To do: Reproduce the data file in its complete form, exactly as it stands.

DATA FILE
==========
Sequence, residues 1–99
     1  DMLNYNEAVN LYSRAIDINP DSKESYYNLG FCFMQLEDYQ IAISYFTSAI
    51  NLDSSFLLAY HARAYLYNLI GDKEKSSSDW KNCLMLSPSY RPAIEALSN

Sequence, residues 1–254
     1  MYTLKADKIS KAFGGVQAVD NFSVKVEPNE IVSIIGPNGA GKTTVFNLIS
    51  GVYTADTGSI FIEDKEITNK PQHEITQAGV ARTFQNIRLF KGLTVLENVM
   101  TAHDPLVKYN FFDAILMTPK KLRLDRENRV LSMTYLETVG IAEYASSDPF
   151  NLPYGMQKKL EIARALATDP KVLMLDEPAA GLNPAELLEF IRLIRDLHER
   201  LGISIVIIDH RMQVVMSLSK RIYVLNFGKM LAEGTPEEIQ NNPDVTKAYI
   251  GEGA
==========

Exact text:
Sequence, residues 1–99
     1  DMLNYNEAVN LYSRAIDINP DSKESYYNLG FCFMQLEDYQ IAISYFTSAI
    51  NLDSSFLLAY HARAYLYNLI GDKEKSSSDW KNCLMLSPSY RPAIEALSN

Sequence, residues 1–254
     1  MYTLKADKIS KAFGGVQAVD NFSVKVEPNE IVSIIGPNGA GKTTVFNLIS
    51  GVYTADTGSI FIEDKEITNK PQHEITQAGV ARTFQNIRLF KGLTVLENVM
   101  TAHDPLVKYN FFDAILMTPK KLRLDRENRV LSMTYLETVG IAEYASSDPF
   151  NLPYGMQKKL EIARALATDP KVLMLDEPAA GLNPAELLEF IRLIRDLHER
   201  LGISIVIIDH RMQVVMSLSK RIYVLNFGKM LAEGTPEEIQ NNPDVTKAYI
   251  GEGA